The current sink capability is so much easier to deal with than lack of DMA.
The biggest drawback is the development of H series is costly, tools and softwares are not easy to find as PIC or AVR.<p>mike
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Re: Choosing a microcontroller platform

Post by bodgy » Mon May 30, 2005 3:09 am

There is a range in the 18F series that are designed for running motors etc.<p>If you are relatively new to Pics, then I'd suggest starting with the 18F series, these have some extra useful instructions as well as easier (in ASM) access to the whole of memory.<p>They are also optimised for the 'C' language.<p>Compilers that aren't too expensive that are worth checking are -<p>Basic18 (a structured basic, allows seamless ASM use within the basic statements)<p>FedC strong point is it's simulator<p>Various languages from Mikrokontroller.co.yu.<p>If staying with the 16F series, then the bigger boys such as the 16F877A or the newer 648A, 619 77 etc are better to go with.<p>Same compilers as above except for Basic18 replace with XCSB structured basic.<p>Colin
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rstofer
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Re: Choosing a microcontroller platform

Post by rstofer » Mon May 30, 2005 9:56 am

This is another Atmel based controller. It is quite inexpensive considering http://www.digilentinc.com/info/cerebot.cfm

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Re: Choosing a microcontroller platform

Post by Gorgon » Mon May 30, 2005 11:42 am

Philba:
I don't know what you have against Zilog, they botched it on the migration from Z80 to Z8000. But the new rise of the Z8 Encore! and eZ80 Acclaim development kits, are very good entry level kits. (Z8 do have DMA!!)<p>
I've done about 10 projects on the PIC controller, and I still can't(I do understand of course ;) ) understand why they are so popular. I have only programmed them in assembly and it is a pain every time.<p>The Z8 and the AVR has about the same programming model, and I like both of them.<p>The Cerebot module looks great, but the software support seems a bit iffy.<p>Don't forget Motorola or more correct Freescale, they have several good micros with demo and/or development kits: http://www.freescale.com/webapp/sps/sit ... eId=016246 <p>TOK ;)
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philba
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Re: Choosing a microcontroller platform

Post by philba » Mon May 30, 2005 12:08 pm

<blockquote><font size="1" face="Verdana, Helvetica, sans-serif">quote:</font><hr>Originally posted by Gorgon:
Philba:
I don't know what you have against Zilog, they botched it on the migration from Z80 to Z8000. But the new rise of the Z8 Encore! and eZ80 Acclaim development kits, are very good entry level kits. (Z8 do have DMA!!)<p>...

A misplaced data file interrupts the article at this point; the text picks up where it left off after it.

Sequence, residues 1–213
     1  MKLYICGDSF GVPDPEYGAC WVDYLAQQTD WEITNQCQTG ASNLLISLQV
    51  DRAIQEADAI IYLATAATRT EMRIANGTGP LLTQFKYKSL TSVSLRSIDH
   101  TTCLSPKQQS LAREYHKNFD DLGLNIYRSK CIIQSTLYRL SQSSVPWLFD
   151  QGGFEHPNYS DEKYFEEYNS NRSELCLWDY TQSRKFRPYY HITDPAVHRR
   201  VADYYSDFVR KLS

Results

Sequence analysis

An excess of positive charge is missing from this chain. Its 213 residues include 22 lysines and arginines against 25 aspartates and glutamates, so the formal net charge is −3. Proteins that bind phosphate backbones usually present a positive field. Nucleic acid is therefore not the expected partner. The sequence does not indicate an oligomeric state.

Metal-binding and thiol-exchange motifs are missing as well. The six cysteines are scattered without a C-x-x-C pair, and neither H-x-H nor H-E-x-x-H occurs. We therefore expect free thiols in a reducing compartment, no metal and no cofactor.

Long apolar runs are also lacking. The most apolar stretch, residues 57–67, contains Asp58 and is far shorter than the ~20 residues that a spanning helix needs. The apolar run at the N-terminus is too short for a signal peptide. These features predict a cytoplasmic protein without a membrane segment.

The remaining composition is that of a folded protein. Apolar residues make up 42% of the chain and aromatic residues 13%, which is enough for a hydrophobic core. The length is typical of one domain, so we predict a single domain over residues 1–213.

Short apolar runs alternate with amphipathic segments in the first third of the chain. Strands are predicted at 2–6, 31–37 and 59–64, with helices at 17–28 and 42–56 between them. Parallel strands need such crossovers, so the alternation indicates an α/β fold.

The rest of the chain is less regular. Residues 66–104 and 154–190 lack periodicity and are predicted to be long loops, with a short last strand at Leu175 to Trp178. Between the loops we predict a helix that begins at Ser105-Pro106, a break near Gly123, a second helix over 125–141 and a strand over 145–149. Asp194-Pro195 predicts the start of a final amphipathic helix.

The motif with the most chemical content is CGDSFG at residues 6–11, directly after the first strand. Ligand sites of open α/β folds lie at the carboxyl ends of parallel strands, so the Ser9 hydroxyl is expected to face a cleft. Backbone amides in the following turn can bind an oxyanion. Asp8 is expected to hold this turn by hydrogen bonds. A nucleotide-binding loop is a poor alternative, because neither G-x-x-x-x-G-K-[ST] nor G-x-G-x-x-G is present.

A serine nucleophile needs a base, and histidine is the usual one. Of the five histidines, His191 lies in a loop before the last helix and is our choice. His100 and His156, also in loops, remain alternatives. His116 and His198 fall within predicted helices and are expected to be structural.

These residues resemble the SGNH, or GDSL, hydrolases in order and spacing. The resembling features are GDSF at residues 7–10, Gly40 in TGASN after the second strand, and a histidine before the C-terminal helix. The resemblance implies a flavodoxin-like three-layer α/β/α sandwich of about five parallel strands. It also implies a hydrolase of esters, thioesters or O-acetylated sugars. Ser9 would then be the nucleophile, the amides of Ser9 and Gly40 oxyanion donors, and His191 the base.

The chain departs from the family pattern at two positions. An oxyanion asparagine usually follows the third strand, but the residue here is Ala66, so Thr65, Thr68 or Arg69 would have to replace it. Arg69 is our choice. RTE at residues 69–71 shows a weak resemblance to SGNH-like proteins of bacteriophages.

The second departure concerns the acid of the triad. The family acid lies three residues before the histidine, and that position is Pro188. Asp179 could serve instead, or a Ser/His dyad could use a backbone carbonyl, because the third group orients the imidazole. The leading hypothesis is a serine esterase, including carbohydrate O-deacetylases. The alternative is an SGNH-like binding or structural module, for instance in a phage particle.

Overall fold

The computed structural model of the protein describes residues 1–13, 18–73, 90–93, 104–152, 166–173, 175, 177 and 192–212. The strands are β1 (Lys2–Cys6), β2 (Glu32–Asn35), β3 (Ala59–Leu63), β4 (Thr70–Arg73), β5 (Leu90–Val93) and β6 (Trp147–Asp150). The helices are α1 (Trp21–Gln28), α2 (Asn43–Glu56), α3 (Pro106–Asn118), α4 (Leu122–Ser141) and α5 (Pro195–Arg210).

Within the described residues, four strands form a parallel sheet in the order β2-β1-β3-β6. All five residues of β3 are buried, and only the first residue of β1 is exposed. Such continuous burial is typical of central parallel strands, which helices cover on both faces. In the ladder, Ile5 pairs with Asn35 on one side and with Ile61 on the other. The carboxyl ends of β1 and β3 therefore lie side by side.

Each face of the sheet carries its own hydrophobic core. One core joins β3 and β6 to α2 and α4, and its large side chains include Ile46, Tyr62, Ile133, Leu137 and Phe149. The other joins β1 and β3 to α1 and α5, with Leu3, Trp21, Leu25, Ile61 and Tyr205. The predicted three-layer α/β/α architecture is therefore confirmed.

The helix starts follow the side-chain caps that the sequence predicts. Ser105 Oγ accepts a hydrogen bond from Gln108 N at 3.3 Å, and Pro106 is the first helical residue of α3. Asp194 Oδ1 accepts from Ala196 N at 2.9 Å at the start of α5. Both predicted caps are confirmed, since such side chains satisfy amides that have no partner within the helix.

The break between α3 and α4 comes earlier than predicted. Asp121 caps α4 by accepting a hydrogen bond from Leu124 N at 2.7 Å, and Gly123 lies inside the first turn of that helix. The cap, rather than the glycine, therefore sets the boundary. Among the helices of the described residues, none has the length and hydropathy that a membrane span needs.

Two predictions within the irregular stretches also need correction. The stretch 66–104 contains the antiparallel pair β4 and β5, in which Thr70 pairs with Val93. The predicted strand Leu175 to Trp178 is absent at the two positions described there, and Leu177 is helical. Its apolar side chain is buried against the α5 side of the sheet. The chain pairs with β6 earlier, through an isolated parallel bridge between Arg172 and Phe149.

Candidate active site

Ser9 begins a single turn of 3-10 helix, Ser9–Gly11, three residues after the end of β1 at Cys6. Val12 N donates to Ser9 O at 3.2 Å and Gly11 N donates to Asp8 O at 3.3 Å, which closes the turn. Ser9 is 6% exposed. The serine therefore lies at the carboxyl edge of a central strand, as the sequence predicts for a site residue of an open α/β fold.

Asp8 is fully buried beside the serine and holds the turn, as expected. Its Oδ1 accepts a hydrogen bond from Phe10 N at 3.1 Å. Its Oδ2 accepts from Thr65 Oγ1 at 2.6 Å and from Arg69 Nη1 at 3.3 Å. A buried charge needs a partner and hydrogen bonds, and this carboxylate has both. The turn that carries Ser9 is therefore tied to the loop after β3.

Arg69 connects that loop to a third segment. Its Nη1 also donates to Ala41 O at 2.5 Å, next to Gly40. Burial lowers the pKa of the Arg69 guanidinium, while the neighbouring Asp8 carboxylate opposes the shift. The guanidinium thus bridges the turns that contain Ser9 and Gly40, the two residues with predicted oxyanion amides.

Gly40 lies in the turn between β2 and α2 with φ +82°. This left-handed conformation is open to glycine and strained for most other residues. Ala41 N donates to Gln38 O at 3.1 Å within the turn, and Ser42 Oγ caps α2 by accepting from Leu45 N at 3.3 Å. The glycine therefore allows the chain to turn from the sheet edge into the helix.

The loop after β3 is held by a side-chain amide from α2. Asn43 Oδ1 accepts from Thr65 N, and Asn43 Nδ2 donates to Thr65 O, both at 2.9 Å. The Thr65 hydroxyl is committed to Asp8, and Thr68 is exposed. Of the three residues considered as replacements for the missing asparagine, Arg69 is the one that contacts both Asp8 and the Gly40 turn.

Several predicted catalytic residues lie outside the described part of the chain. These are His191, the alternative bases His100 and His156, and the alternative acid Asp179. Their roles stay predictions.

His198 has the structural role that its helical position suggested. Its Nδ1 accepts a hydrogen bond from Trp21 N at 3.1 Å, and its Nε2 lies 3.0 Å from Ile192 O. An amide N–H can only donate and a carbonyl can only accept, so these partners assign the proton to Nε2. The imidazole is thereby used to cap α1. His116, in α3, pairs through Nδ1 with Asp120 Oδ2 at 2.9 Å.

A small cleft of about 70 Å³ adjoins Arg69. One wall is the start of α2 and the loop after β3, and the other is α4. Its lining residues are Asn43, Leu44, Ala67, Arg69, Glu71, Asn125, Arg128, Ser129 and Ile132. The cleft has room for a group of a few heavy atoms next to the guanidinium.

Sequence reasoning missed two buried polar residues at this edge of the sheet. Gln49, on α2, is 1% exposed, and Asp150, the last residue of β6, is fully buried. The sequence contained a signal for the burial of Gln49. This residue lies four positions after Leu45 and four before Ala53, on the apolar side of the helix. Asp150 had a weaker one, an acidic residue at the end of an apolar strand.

<hr></blockquote><p>Its not having something against zilog (I do like to see the underdog win) but its rather that avr and pic have incredibly broad offerings with a vast amount of resources available on the internet. Though the PIC makes even AVRs look under supported. For a relative beginner with microcontrollers, this is very important. <p>I did order the $10 z8 starter kit though it hasn't shown up - its back ordered big time. I'll play with it when it comes and may have a different opinion but at the end of the day, they are still a minor player.<p>Yes, the PIC is an ugly little beast when it comes to developing assembly language software. However, the amount of support makes it hard to ignore and the incredible broadness of the line is just astounding. If you program in C, its not nearly so ugly. PICs are very durable. I've amazingly abused my PICs (that sounds a tad perverse...) and have only blown one i/o pin that I know of out of 10 different pic types and about 50 or so prototypes. They get very hot if you get +5 and gnd reversed... <p>Microchip is very "hobbyist friendly" - no questions, they just send you the samples you ask for and have a very extensive collection of ap notes and such. (yes, atmel is pretty easy on samples, too) <p>Again, PICs or AVRs are what I recommend to beginners for all those reasons.<p>Phil

Newz2000
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Re: Choosing a microcontroller platform

Post by Newz2000 » Tue May 31, 2005 8:09 am

Gorgon,<p>Did you use the Z8 for an automation project? If so, can you tell me how suitable it would be to do the following:<p>I need to drive several devices and read inputs at one time. For example, turn motor 1 to 180 degrees and stop, while turning motor constantly until button 1 is pressed while listening for a new command on serial port. This assumes a program being written in C, not assembly.<p>I've looked at all of the products mentioned and I'll admit the ATmega stuff looks cool, but most are > 50% more expensive than the Zilog kit. The Cerebot kit looks awesome and the price is good, but when you add the needed modules you're right back up there in price with the others.<p>There seems to be a good (enough) quantity of documentation for the z8 functions.<p>I think that I will use the pics or the z8 kit, leaning towards pic unless I can find someone who can specifically say that z8 will handle the above functions in a C program.<p>Just from my mild experimentation and little bit of research, the benefits of the PIC are it's very simple assembly language and broad user base.